Last year I wrote two posts on keeping yourself gaining weight on Halloween: 5 Things Dieters Can Do with Halloween Candy (Beside Eating It) and 5 ways to trick, treat and have a healthy Halloween.
As a mom, I don’t mind giving the kids a little candy as a treat, but want to keep them from OD’ing on sugar during the holiday. The experts at Wellspring, a treatment program for overweight children and teens, have several recommendations for parents this year at Halloween:
- Wait to buy your candy. We tend to eat what’s in the pantry. This year, try waiting until Halloween day to buy your candy or at least hide it somewhere until then. Odds are everyone will be snacking a bit less on this year’s treats.
- Plan your own activity. Halloween is about having fun, not hoarding stashes of candy. Corn mazes, haunted houses, even planning your own party are activities that take the focus off of sugary treats.
- Limit the amount you grab. It’s hard to not take a handful of anything that’s free, but limiting your children to only one item at each of your stops is a healthy start. At the very least, it’s polite for the trick-or-treaters after them.
- Offer healthy alternatives. Don’t worry about getting toilet-papered, not every house needs to offer candied apples. Gum, hard candy, glow sticks/glow necklaces, and plastic rings are all popular, healthy alternatives to candy with high levels of saturated fat.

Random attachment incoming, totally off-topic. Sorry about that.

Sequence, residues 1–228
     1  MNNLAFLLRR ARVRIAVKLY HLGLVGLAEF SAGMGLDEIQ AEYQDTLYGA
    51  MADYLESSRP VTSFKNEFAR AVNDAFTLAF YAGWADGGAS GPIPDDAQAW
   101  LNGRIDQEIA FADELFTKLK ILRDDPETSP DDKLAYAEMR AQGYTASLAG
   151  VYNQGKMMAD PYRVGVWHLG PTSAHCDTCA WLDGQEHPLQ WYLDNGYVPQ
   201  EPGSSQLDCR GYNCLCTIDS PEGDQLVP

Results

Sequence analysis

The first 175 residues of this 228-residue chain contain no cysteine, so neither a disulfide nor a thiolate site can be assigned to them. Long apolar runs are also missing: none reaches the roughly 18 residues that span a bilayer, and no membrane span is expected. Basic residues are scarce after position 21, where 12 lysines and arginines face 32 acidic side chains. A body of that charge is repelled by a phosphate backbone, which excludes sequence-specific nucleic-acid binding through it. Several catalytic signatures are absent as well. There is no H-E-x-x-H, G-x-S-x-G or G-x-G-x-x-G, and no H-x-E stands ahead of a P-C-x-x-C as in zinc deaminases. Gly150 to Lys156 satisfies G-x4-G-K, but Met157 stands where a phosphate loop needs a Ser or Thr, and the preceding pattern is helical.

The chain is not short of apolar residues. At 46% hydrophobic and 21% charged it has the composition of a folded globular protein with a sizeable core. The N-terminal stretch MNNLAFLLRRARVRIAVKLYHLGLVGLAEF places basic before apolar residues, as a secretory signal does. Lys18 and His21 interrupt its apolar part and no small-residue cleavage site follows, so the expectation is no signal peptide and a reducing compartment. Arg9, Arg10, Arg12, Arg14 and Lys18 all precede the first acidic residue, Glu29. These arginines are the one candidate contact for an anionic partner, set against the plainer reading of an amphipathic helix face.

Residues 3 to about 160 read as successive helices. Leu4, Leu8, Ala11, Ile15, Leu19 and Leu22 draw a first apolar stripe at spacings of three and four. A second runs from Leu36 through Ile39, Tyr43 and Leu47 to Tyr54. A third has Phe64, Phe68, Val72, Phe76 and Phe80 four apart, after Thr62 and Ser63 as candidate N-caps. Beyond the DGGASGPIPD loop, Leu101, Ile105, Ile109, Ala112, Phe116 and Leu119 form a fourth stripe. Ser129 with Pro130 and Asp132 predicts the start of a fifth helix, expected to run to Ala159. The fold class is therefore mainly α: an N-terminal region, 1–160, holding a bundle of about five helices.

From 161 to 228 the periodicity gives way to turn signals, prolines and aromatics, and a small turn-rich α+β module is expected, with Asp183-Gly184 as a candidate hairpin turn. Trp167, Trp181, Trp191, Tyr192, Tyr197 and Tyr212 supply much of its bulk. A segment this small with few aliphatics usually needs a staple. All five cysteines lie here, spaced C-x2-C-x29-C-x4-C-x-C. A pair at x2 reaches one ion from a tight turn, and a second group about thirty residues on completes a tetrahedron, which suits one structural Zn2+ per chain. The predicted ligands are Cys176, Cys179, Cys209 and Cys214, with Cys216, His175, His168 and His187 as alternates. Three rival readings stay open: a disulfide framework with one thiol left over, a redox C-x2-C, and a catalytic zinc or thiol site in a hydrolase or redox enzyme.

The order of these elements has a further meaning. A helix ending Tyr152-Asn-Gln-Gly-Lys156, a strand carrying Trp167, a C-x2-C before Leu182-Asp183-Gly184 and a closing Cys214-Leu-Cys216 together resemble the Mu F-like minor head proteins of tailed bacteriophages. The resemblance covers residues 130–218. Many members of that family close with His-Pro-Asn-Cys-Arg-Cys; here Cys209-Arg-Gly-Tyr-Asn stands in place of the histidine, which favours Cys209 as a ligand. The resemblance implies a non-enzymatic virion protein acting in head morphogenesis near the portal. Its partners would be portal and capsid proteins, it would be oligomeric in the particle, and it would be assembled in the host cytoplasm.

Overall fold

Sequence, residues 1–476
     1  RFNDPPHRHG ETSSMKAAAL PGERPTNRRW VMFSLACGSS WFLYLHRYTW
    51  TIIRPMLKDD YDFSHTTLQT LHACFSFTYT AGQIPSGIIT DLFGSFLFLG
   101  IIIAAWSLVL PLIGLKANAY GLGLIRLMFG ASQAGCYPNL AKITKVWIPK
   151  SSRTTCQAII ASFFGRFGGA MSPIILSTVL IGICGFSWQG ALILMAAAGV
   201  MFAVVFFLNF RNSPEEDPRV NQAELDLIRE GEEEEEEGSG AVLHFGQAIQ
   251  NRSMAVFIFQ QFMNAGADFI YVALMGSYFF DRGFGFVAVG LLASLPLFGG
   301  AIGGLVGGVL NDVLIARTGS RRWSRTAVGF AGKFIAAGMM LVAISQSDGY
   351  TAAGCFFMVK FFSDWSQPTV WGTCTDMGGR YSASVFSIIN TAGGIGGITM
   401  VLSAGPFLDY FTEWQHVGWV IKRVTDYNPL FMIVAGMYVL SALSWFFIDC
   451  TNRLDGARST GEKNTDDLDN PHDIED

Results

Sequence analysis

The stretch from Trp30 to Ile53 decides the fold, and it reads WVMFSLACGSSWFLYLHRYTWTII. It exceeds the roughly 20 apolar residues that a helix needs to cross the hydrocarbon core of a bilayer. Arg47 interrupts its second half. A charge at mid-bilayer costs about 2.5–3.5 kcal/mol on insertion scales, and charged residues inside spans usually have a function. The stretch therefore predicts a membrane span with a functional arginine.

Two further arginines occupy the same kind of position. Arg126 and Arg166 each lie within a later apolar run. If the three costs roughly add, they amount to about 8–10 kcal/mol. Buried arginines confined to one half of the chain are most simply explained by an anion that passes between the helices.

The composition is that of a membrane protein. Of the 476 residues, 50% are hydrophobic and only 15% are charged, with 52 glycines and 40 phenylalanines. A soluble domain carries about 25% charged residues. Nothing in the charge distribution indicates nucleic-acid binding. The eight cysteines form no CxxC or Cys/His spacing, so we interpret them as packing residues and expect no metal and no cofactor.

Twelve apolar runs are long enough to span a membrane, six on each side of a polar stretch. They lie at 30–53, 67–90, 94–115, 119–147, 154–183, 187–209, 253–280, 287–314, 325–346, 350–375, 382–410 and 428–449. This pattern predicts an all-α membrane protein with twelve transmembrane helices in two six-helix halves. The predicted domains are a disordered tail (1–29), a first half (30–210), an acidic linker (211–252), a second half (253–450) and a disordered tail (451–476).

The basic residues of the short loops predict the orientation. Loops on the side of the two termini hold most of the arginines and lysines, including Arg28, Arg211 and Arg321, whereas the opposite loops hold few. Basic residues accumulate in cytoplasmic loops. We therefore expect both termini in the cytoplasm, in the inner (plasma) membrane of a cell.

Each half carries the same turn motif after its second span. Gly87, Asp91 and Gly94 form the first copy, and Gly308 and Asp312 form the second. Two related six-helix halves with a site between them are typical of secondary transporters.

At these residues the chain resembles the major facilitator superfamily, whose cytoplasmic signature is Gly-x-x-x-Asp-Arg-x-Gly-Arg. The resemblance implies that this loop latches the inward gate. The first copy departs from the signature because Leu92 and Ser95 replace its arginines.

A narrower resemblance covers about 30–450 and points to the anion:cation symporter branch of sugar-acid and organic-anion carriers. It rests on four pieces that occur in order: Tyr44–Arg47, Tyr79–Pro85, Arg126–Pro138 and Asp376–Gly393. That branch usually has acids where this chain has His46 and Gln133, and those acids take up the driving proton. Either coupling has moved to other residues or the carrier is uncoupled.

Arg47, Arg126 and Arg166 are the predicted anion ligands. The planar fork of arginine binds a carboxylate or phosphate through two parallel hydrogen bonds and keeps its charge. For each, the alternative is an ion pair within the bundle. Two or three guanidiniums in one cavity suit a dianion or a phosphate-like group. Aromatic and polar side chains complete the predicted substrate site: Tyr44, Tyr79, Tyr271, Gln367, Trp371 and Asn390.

- Ration the amount of candy eaten afterwards. The typical dietary recommendation for candy is a maximum intake of 22 pounds per year for a 12-year-old child, which can often be eaten in a single night during Halloween. Having the occasional treat is good for you, offer one after a healthy meal, exercising, or finishing homework.
Finally, Penny L. Wilson, RD, LD at Eating for Performance suggests donating your leftover candy. From her enewsletter:
There is a charity called Boatsie's Boxes that collects and sends items to the troops. Some of the items listed on their Items Needed page include snacks (healthy or otherwise), cookies, crackers, gummy candy, chocolate - any kind, Pringles, Munch & Crunch, Polar Ice Gum, Tootsie Pops, cashews and all nuts, Chocolate Buddy Bars (chocolate can be sent October through April). If you have not purchased your Halloween candy yet, keep these items in mind. Either way, what is left over can be sent to Boatsie's Boxes an on to the troops! Here is a link to the shipping information.
Another option is to call your local homeless shelter and see if they will take candy donations. You could even arrange for everyone (or a group) in your office to bring in their leftover candy and make a group donation.
What a great way to help out those serving our country or who are less fortunate, and make use of that extra candy. See, Halloween candy can do some good!
How are you keeping healthy this Halloween season? Or do you plan to indulge in some Halloween Candy?